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Biography

Potent is currently a PhD candidate in Translational Research at Monash University, Australia. After completing undergraduate degrees in Mathematics and
Chemistry, Dr Potent completed his medical degree. He is a practising doctor in Queensland and a keen advocate of patient safety via appropriate clinical
communication and handover

Abstract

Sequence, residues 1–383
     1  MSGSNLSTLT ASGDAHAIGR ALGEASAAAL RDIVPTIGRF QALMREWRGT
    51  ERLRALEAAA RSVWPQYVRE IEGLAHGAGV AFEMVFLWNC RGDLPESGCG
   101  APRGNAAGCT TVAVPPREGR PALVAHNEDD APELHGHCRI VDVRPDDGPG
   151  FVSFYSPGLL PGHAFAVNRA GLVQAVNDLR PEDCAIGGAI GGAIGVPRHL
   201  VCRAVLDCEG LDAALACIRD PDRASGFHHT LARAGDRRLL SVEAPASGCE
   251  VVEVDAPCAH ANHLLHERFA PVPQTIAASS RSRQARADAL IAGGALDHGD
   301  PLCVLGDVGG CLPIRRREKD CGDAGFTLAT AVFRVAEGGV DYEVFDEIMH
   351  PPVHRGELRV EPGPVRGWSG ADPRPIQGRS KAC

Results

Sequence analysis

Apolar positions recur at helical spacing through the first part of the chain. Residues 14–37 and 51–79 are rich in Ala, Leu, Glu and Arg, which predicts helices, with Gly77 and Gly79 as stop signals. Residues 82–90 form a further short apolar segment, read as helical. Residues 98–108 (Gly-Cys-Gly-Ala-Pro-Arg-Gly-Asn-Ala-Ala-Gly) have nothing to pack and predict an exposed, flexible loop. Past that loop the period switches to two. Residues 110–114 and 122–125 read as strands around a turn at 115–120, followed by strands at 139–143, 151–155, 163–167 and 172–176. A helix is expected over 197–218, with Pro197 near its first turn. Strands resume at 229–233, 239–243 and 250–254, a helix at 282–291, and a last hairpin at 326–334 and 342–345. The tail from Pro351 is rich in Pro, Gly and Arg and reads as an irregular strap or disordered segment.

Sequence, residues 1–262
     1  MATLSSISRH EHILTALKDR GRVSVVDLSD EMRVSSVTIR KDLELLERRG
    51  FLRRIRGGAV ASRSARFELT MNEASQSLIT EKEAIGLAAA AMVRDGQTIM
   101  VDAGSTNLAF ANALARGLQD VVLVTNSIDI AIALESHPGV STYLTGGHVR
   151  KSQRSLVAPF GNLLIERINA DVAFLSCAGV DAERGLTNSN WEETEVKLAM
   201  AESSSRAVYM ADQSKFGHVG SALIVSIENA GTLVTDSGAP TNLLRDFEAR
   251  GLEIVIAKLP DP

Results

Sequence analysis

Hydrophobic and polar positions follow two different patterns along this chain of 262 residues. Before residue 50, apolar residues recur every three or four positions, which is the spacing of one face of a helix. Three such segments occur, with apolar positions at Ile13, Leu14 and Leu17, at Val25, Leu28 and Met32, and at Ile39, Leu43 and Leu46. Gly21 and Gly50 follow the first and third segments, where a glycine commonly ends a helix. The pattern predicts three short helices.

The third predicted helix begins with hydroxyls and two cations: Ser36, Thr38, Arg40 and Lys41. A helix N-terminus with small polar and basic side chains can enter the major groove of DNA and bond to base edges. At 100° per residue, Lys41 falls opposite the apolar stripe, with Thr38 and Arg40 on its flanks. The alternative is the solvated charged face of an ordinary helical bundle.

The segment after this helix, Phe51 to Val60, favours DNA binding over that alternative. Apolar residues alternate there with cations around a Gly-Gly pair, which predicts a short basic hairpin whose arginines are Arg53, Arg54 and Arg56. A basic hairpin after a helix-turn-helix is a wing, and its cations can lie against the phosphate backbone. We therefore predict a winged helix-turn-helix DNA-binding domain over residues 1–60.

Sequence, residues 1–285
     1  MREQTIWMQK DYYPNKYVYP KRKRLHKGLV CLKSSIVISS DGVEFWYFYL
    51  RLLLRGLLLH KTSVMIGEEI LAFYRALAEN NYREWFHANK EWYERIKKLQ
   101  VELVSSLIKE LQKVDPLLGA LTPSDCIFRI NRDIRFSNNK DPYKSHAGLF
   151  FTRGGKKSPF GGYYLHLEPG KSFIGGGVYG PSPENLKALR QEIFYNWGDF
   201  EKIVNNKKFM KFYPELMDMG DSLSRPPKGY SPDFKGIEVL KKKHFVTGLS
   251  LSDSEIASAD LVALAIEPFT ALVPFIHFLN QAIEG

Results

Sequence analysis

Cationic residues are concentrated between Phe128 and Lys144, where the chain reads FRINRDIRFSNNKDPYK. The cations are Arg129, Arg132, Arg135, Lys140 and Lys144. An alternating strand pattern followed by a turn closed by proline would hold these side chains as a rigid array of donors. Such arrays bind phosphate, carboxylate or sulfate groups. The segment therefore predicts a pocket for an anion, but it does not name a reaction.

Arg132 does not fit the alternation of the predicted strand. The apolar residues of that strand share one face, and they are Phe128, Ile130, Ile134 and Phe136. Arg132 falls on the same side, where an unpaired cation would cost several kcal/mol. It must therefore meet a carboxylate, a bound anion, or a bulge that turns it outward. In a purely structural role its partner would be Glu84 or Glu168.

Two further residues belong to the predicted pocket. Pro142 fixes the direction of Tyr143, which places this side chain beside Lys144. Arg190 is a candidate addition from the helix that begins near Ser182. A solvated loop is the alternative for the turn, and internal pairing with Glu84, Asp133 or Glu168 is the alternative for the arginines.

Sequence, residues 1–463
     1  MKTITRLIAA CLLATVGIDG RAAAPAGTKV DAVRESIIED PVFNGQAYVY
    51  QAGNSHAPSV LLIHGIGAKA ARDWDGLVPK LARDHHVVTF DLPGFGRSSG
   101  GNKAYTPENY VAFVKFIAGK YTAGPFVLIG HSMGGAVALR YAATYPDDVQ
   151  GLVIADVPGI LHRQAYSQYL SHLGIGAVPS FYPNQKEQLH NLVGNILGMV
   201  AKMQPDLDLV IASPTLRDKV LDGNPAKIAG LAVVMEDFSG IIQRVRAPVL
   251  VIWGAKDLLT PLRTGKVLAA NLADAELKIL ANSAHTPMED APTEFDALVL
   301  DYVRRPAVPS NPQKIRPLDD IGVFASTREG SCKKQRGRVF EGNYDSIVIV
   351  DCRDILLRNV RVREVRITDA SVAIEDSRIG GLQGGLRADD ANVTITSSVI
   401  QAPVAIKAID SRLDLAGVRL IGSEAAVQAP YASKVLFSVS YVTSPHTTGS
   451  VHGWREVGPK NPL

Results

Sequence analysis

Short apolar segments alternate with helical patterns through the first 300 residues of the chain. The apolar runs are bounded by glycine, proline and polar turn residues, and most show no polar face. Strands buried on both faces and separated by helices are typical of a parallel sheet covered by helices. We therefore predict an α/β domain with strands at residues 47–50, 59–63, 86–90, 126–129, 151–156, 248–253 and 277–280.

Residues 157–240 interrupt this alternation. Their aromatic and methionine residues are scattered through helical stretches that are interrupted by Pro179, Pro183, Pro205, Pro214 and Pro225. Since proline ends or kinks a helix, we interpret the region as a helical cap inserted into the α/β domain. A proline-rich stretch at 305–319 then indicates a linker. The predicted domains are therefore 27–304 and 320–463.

Statement of the Problem: Electronic Discharge Summaries (EDSs) are a crucial process in facilitating a safe and effective clinical handover yet it is often the most junior doctors who author the EDSs. Australia’s National eHealth Transition Authority have defined the criteria for fields that constitute an EDS. The Australian Commission on Safety and Quality in Health Care (ACSQHC) have created an evidence-based self-evaluation toolkit for hospitals to assess their EDSs performance. This audit assessed the quality and timeliness of EDSs.Methodology & Theoretical Orientation: EDSs were assessed using acombined standard based on the self-evaluation toolkit and XX Hospital policies. A retrospective series of 40 finalised EDSs were selected consecutively, as recorded in the iCM database, from each of the General medicine, General surgery, and Mental health departments of XX hospital from 1st April 2012 until the required limit was met. EDSs were excluded if information was suppressed, the discharge summary was of a deceased patient, if the discharge summary had not been finalised, or if the date of completion was not in the period of collection.Findings: Average time for EDSs completion from discharge: General Medicine (1 day), General Surgery (4 days), Mental Health (9 days). Of the 15 quality components, five components (page length, destination on discharge, alerts, education, and recommendations) were less than 70% compliant, seven components (GP details, problems/diagnoses, investigations, examination findings, medications, adverse reactions, and plans/services) 28-39 (70-97.5%) EDS were compliant, and for three components (medical officer, encounter summary, and medical history) 40 (100%) of the EDSs were compliant.Conclusion & Significance: Mismatch between value of timely and quality production of EDSs and education for junior doctors may cost hospitals and patients’ time andmoney.Significant areas of improvement were identified using ACSQHC’s self-evaluation toolkit. Department specific training will give clearer guidance to junior doctors